We begin another week here on My Poetic Side with a look at the Dodge Poetry Festival. We also look at the shortlist for this years Edwin Morgan Poetry Prize.
Online Move for N.J. Poetry Festival
The Dodge Poetry Festival, a major New Jersey Poetry Festival has confirmed that it will be going ahead this year but will be moving online because of coronavirus. The festival which takes place every other year normally sees some of the worlds best poets arriving in New Jersey for the festival described by Robert Haas the former US poet laureate as “poetry heaven”.
The Geraldine Dodge Poetry Festival is usually held in the Downtown Arts Neighbourhood of Newark and is the largest festival of its type in North America. It is hoped that by going online this year’s festival will be even bigger. The organisers see the events of this year as the perfect opportunity to open up the festival to an even bigger audience than normal and perhaps appeal to all the new and emerging poets that the pandemic has created.
The festival will still take place in October as planned, there will be a Livestream which the general public will be able to pay a small fee to access and the Academy of American Poets’ Chancellor will also be taking part.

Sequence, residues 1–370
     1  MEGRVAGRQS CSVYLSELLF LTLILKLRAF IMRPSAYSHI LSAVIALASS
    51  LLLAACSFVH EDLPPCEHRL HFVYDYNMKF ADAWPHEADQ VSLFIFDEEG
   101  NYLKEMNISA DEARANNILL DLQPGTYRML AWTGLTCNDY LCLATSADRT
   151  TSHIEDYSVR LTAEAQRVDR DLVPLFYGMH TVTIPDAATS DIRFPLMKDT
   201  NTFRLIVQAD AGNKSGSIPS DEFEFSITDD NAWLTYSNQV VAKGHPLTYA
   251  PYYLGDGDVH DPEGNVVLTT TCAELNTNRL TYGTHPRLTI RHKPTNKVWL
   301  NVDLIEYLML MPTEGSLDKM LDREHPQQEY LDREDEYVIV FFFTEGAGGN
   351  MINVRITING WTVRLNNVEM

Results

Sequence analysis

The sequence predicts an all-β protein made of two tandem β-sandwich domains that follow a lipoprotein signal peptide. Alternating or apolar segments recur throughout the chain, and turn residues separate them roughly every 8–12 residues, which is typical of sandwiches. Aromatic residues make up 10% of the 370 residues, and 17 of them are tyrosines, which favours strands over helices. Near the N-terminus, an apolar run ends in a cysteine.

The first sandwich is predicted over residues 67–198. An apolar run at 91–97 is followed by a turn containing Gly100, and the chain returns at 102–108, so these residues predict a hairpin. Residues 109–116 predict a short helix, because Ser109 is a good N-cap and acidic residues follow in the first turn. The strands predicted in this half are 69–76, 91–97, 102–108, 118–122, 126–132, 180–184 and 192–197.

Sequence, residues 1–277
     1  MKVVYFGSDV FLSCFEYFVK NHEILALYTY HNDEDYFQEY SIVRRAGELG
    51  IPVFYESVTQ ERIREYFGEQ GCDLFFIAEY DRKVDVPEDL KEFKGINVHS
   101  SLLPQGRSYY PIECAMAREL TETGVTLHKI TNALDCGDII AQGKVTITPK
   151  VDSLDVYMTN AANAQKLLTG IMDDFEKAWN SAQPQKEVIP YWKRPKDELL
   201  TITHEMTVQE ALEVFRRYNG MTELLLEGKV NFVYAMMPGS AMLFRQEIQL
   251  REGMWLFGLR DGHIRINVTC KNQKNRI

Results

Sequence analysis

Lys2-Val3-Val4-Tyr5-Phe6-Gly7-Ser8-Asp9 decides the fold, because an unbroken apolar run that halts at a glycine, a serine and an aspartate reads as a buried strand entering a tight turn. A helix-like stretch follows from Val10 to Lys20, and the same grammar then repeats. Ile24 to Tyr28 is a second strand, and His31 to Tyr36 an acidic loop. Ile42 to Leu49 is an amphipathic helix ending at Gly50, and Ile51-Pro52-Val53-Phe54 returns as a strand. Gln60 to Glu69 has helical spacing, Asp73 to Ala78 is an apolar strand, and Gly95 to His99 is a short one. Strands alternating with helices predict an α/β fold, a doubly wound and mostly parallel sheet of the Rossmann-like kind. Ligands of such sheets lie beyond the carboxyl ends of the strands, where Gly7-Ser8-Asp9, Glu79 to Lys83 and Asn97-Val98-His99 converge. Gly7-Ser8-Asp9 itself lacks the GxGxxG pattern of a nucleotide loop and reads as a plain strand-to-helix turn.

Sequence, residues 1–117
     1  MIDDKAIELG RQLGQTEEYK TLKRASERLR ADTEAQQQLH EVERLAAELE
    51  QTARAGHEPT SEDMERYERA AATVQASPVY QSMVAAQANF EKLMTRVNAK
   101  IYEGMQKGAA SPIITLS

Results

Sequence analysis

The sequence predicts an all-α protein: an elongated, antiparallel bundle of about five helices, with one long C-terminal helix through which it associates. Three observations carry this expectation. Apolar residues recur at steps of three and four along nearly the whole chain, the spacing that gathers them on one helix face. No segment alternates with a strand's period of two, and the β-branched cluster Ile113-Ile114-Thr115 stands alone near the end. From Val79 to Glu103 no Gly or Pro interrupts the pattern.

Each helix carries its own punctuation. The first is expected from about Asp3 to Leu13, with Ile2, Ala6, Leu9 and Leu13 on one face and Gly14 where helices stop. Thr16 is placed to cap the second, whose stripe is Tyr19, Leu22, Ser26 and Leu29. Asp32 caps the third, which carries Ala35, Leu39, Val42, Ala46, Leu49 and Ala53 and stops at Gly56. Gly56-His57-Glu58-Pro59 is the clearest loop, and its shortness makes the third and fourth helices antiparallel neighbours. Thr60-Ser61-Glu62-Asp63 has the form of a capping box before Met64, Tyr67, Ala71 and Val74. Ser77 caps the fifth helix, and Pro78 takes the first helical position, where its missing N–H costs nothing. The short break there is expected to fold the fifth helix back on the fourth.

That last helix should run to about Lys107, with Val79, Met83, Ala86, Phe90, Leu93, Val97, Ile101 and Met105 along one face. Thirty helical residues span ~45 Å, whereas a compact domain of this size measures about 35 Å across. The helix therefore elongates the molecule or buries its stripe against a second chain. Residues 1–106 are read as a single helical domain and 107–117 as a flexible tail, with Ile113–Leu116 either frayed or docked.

The savings that will be made by not organising a live festival are to be donated to a non-profit organisation that supports the LGBTQ community, poets of colour and those with disabilities.
This year would have been the 18th occurrence of the festival which takes place on a biennial basis, it would have been the 6th time it had taken place in Newark.
Edwin Morgan Poetry Award Shortlist
The poetry award, which is named for Edwin Morgan the first official modern Makar of Scotland will be awarded by the Edwin Morgan Trust. Yesterday they announced the shortlist for this year’s prize, there are seven poets shortlisted this year.
The prize is a biannual one with a winning prize of £20,000. The award is funded by the estate of Morgan as specified in his will when he died in 2010. The requirement for poets entering the competition is that they should be under the age of 30 and Scottish.
Morgan never forgot the struggles he faced in his early years as a poet and wanted to do everything that he could to encourage those just starting out.
The judges this year have read over 60 unpublished poetry collections that were all submitted on an anonymous basis. From these, they have created a shortlist of just 7.
This year marks what would have been Morgan’s 100th birthday, making this year’s competition special when it comes to remembering the legacy that he left for future poets.
The winner will be announced later this year at the Edinburgh International Book Festival in a special online event.